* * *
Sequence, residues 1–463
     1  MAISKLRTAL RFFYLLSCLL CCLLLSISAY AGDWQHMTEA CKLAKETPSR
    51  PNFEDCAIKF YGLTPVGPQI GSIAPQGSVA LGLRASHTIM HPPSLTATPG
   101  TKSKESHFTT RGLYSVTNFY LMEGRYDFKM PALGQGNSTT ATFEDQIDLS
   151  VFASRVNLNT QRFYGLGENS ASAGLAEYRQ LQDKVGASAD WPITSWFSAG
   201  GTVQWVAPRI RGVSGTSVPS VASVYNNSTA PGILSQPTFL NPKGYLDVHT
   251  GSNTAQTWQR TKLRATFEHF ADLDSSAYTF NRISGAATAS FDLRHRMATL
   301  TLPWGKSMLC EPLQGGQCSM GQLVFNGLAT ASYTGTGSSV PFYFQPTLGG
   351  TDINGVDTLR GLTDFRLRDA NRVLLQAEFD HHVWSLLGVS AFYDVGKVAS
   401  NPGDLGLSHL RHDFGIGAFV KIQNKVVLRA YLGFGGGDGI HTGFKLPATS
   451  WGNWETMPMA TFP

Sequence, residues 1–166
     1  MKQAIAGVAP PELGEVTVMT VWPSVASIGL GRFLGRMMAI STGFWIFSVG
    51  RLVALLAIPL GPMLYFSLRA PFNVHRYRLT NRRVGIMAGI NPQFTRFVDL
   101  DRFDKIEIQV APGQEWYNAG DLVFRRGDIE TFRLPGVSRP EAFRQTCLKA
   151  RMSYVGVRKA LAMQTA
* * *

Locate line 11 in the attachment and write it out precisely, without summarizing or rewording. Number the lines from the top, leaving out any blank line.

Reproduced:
   451  WGNWETMPMA TFP